The choice is yours with soft luggage
Arr, Jim lad, when I were young roider we were loocky — loocky! — if we ’ad old ammo baggs to strap to back o’ boike, arr, so we were lad. More loik’ly we’d ’ave ex-army duffle bag toid on wi’ string, that we would. Used to dream o’ ammo bags … moostly we’d ’ave ter make looggage urrselves, aye, we did an’ aall.
All right, got that out of the way. It’s true, by the way. The army, by way of Disposal Stores, kept motorcyclists supplied with soft luggage for decades. Among the shops proliferating all over Australia, my personal favourite was Stoliar Brothers in George Street, Sydney. They sold bungy cords, too, a marvellous innovation at the time which made it less likely that you’d arrive somewhere without the luggage you’d tied on so carefully when you left home.
Stoliars was also where I bought my first full-face helmet, which weighed half as much as my bike and provided a field of view not unlike that available when looking through the mailing slot in a post box. Bike shops didn’t really sell full-face helmets then … probably thought they’d never catch on.
Right, we can move on to the present day now and the joys of having a replacement for bungy cords and specifically designed and made soft luggage for our motorcycles — convenient, weather-resistant and good-looking. Not to mention lightweight helmets.
When I say “specifically designed” I mean designed for bikes, not so much for particular models. One of the pleasant things about soft luggage is that it will almost always fit just about any bike, and that’s particularly important with cruisers because we don’t necessarily want the look of our carefully accessorised and personalised bike, err, “modified” by permanently installed hard or soft luggage. It’s great to be able to strap on whatever you have handy at the time or pull it off as you like.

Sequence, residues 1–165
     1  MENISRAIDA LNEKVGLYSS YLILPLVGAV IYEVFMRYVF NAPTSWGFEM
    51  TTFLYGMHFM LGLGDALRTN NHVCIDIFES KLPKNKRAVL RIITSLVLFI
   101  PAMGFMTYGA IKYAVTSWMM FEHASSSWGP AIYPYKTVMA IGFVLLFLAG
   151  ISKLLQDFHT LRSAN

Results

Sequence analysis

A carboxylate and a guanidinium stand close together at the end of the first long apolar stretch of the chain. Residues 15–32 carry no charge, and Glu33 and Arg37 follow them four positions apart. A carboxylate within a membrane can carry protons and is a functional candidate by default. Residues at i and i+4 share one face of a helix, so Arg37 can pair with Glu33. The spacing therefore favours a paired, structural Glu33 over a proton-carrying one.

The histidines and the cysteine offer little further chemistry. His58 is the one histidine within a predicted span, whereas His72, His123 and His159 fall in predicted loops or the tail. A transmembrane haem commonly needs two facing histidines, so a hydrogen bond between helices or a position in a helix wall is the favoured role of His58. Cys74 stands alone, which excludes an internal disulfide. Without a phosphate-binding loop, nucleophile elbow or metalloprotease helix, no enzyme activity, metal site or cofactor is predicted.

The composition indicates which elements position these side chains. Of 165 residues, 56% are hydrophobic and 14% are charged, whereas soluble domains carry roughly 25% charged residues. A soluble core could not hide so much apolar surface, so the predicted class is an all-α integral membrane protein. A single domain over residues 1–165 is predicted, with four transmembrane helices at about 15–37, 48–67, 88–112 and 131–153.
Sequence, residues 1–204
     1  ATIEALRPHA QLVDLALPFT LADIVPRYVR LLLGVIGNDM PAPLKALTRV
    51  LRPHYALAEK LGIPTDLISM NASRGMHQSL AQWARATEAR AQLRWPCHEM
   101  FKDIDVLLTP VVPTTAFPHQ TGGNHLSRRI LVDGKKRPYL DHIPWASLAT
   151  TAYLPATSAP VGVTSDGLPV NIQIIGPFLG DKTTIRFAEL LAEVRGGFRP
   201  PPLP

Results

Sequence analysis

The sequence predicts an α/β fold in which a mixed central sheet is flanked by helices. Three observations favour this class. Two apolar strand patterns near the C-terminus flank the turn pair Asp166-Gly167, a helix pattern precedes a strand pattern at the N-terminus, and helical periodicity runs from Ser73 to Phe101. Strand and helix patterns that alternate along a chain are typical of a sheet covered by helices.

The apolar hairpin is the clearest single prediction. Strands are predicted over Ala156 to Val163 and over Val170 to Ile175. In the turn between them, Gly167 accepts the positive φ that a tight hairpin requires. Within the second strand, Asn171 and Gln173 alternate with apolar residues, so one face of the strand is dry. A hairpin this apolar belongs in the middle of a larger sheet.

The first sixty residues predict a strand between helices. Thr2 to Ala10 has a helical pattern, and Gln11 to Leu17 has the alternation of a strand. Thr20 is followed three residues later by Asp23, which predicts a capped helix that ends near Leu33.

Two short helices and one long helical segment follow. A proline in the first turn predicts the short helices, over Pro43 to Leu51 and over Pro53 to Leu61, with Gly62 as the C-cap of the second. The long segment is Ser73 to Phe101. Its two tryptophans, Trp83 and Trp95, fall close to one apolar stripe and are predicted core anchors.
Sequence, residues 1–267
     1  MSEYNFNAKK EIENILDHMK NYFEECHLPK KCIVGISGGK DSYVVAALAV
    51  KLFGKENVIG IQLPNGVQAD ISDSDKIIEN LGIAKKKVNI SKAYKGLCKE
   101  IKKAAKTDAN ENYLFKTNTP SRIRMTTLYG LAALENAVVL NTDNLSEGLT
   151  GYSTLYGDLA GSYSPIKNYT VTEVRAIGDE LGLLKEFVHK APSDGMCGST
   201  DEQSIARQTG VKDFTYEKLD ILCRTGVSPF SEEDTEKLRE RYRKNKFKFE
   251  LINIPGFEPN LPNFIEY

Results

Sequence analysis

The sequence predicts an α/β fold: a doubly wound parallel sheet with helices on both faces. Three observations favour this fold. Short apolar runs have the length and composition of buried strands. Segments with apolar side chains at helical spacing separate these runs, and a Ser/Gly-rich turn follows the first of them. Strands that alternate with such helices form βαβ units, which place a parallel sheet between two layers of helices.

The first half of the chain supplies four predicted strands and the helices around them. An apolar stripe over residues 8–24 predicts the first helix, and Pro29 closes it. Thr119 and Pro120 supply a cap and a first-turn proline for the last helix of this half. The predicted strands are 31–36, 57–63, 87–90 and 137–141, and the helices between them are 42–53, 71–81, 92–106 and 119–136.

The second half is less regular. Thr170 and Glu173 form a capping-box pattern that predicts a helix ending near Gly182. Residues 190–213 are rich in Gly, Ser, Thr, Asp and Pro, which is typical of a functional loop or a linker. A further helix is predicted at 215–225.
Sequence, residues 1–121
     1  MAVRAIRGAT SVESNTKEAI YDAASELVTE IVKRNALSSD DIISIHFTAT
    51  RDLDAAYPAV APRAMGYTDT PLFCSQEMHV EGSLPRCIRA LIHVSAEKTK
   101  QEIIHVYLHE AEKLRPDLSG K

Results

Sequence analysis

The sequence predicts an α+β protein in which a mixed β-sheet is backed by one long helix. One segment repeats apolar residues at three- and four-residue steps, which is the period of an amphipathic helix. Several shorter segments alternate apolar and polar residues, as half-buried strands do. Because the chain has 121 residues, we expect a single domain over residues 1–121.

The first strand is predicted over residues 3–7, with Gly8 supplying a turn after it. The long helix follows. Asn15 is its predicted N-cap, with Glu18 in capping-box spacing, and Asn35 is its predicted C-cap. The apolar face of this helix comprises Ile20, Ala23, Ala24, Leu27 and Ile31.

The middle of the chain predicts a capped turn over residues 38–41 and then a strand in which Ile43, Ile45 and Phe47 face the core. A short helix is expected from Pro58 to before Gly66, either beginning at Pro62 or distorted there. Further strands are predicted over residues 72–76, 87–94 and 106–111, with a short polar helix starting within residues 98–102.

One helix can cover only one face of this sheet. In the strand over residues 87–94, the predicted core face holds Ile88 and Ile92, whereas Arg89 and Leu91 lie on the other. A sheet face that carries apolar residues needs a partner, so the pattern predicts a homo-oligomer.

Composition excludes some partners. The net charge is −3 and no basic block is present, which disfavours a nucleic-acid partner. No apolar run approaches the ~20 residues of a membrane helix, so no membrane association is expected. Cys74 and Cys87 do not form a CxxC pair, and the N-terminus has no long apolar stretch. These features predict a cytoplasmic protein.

I found this particularly useful recently when I spent two weeks riding a Honda Fury (VT1300X in Oz?) around California. Soft luggage was all I could fit, and not much of that!
One of the standbys of soft motorcycling gear is not usually suitable for cruisers, and that is the tank bag. Because of the shape and location of cruiser tanks, bags either hide the instruments or just plain don’t fit. If you put one on anyway, chances are it will look out of place and slide around. It may even scuff the paint. There is one exception to this, and that is those small bags that are part of the tank strap (the leather aftermarket strap running down the middle of the top of the fuel tank). These look right because they have been designed to go with the strap, but they are usually so small that they will hold little more than a mobile phone.
But some of the other gear is great. Apart from accessories like Andy Strapz’s Strapz, it falls into three general categories: panniers, seat bags and sissy bar bags. I’m not going to go on and on about these but I thought I’d better just mention a few basic considerations to make your life easier (partly I will just be warning you about mistakes I have made …).
The (generally) cheap way is to use throwovers. These range from the really basic — just a couple of box-shaped fabric bags joined by another strip of fabric — to the highly sophisticated with adjustable straps and tie-down points. But in the end they’re all the same: you simply throw them over or slip them under the pannier seat. If they can be fitted under the seat they’re more secure both from theft and accidental loss, but they’re also more difficult to take with you when you leave the bike. A few manufacturers have tried to overcome this problem by providing a pad which is strapped to the bike and which stays on the bike, while the panniers themselves just clip to it.
Which of these is best for you depends on your bike, and on the way you’re going to travel. On some bikes, for example, it’s a major pain to get the pillion seat off — so you’re less likely to want to slip your pannier straps or pad under it. On other bikes, the seat is shaped so nothing will stay settled on top of it (sometimes not even the pillion). And so on. Check before you buy anything that it will actually work with your bike, and check that it will not make the pillion uncomfortable.
Dangers for new players include scuffing your bike’s paint and setting the bags on fire if they slip low enough to make contact with the exhaust pipe. I’ve seen it, and while it’s very funny for anyone watching, it is not at all amusing if you’re the burning biker. It’s also possible to get the bags caught up in, and chewed up by, the rear suspension. No, not on monoshock bikes, but with twin shocks it’s not uncommon.
Many throwovers come with rain covers and these can be good … on the other hand they can be useless if they fly off at speed. I’ve seen that happen, too — well, to be honest I’ve had it happen to me and it’s seriously annoying. Not only because you’ve lost the cover (and they’re usually impossible to replace) but because your clothes are now wet …
Despite that, throwovers are a good option if you’re only going to use your bike for occasional touring.